FFS. Tofu? How can tofu be bad for you? I get it. Just when you think you’ve knocked the dairy debate on its head, scary soy claims make you want to throw out the contents of your freshly stocked fridge. Sales of soy have soared in recent years as more of you swap semi-skimmed for soy in your flat whites and because, well, edamame. But it’s often suffered a bad press, with studies linking female consumption of soy to breast cancer and even infertility.
So where do these fears stem from? Most are linked to the naturally occurring phytoestrogens (hormone-like plant compounds) in soy, known as isoflavones. Phytoestrogens mimic the effects of oestrogen in the body, leading to concerns that soy may be harmful due to a link between high oestrogen levels and health risks, including breast cancer – oestrogen increases cell division and may therefore contribute to the growth of cancerous cells.
But the plot thickens. In a 2008 study published in the British Journal Of Cancer, researchers found breast cancer risk was significantly reduced in women consuming high intakes of soy (providing more than 10mg isoflavones), compared with those eating smaller amounts. Quite the turnaround. This can be explained by the presence of two oestrogen receptors in the human body – alpha and beta. When it comes to breast cancer, alpha poses the biggest risk. According to experts, isoflavones preferentially bind to the beta-receptor, which may actually have a protective effect. More recent research concluded that for women living with breast cancer, soy intake isn’t detrimental for prognosis or survival.
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Cancer risk aside, a quick google of ‘soy’ and ‘fertility’ is enough to make you ditch those dairy-free milkshakes for good. It comes down to the link between genistein (the primary isoflavone in soy) and reduced fertility in studies done on sheep, mice and rats. But these studies typically involved consuming genistein at levels five times higher than the levels you’re exposed to by eating food containing soy, so there’s an element of scaremongering here.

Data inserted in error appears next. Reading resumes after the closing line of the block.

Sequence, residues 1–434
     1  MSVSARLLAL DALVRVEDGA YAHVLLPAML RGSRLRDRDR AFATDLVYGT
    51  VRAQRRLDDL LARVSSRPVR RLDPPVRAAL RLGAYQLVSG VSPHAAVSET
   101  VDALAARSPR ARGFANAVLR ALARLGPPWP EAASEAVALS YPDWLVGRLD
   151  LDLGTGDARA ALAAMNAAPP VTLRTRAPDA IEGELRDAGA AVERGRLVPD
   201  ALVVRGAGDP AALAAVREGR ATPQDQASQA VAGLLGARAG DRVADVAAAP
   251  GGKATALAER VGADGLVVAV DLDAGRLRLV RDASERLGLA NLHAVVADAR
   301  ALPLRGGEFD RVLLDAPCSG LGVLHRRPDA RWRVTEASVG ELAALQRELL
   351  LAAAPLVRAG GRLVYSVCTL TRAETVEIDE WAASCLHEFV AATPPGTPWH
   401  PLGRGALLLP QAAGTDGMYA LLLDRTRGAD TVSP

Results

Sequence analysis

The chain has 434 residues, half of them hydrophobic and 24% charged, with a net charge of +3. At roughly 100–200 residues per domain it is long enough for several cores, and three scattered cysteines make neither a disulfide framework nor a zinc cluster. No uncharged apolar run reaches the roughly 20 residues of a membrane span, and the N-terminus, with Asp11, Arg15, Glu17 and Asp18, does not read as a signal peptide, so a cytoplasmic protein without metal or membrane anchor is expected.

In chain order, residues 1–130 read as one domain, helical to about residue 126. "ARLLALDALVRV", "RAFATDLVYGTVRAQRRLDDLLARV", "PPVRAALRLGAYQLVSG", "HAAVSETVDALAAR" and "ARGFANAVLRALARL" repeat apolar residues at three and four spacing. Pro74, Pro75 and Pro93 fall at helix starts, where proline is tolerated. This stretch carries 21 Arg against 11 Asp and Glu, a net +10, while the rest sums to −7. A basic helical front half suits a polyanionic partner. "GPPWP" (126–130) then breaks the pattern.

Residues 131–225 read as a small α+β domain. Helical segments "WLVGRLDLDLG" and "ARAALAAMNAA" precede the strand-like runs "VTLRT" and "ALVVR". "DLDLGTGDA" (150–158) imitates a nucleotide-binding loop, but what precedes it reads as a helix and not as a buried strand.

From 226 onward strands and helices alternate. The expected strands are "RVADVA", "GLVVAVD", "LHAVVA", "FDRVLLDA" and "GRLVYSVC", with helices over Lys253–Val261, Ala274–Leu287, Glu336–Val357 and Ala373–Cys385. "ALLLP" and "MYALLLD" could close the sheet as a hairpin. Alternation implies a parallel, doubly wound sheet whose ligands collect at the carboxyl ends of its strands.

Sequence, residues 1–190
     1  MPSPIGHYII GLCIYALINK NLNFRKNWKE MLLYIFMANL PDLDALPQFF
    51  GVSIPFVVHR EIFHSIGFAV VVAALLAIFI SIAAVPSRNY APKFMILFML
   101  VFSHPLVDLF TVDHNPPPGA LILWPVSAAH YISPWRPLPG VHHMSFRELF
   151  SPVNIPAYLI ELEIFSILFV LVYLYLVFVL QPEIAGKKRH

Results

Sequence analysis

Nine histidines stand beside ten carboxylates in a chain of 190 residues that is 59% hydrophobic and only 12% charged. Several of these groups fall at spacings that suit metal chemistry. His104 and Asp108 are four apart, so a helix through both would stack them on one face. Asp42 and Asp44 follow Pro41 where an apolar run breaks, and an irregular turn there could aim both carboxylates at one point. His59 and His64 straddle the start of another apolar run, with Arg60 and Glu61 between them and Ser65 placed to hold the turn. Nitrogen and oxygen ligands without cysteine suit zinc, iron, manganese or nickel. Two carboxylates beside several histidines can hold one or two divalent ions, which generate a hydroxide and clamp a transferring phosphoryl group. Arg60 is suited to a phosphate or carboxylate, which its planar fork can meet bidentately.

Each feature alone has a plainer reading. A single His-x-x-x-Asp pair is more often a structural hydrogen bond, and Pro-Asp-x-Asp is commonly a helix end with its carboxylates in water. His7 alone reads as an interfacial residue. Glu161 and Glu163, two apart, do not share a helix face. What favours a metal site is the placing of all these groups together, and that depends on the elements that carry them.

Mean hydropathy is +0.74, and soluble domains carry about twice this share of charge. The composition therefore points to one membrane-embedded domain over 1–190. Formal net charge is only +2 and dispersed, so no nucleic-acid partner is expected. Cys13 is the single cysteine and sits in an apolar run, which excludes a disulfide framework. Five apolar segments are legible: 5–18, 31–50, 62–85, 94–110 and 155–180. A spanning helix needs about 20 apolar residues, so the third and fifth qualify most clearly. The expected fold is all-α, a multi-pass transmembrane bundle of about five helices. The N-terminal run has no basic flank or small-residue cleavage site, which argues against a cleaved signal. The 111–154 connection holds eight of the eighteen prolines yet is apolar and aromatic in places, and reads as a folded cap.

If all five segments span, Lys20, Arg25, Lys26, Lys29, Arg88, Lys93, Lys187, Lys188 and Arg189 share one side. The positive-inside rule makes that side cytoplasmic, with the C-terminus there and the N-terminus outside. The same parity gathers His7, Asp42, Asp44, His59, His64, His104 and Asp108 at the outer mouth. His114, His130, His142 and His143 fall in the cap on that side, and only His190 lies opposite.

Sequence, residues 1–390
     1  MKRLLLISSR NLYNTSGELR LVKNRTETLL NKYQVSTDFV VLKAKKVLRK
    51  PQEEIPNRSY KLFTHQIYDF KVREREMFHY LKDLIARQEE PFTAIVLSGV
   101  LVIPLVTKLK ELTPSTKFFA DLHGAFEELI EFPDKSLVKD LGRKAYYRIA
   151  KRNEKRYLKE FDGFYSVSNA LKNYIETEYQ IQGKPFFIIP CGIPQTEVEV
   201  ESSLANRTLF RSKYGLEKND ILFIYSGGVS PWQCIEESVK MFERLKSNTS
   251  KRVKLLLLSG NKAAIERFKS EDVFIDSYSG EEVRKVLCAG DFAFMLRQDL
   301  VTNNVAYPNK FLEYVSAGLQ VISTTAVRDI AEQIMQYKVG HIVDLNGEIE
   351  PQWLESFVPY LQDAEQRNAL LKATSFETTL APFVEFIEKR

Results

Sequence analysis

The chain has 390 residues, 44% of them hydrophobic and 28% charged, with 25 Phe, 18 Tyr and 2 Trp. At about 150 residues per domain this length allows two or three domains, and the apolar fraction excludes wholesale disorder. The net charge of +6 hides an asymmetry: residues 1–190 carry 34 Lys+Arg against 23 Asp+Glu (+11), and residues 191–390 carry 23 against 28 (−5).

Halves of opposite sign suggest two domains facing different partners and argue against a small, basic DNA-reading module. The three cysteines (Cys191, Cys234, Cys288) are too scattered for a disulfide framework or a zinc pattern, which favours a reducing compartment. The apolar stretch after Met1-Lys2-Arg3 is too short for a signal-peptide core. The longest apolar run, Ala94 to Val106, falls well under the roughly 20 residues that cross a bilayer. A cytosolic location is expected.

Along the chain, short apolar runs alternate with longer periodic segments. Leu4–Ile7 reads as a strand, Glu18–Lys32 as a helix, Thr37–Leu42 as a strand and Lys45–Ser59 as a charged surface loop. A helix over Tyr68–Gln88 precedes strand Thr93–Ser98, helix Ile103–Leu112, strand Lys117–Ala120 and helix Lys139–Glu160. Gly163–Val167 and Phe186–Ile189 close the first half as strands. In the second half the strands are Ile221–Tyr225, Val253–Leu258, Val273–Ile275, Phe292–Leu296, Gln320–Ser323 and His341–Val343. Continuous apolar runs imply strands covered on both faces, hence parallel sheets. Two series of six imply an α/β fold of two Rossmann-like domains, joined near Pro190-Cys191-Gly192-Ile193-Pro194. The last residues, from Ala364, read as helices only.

In fact, more recent research suggests soy might actually be good for fertility. In a 2015 study of women undergoing fertility treatment, isoflavone intake was positively linked with live birth rates. And, according to a 2016 study, soy isoflavones may even protect against the negative effects of BPA (the chemical found in plastic and cans) on fertility.
The upshot is there just isn’t enough convincing evidence in human trials to suggest you need to ditch soy. When it comes to fertility, there are arguably more impactful things to consider; carrying too much or too little body fat, smoking, alcohol and high stress levels can all negatively affect your chances of conception. And aside from isoflavones, eating soy protein as part of a healthy diet has been linked with a lower risk of heart disease, which is another reason not to ditch it. Edamame me up.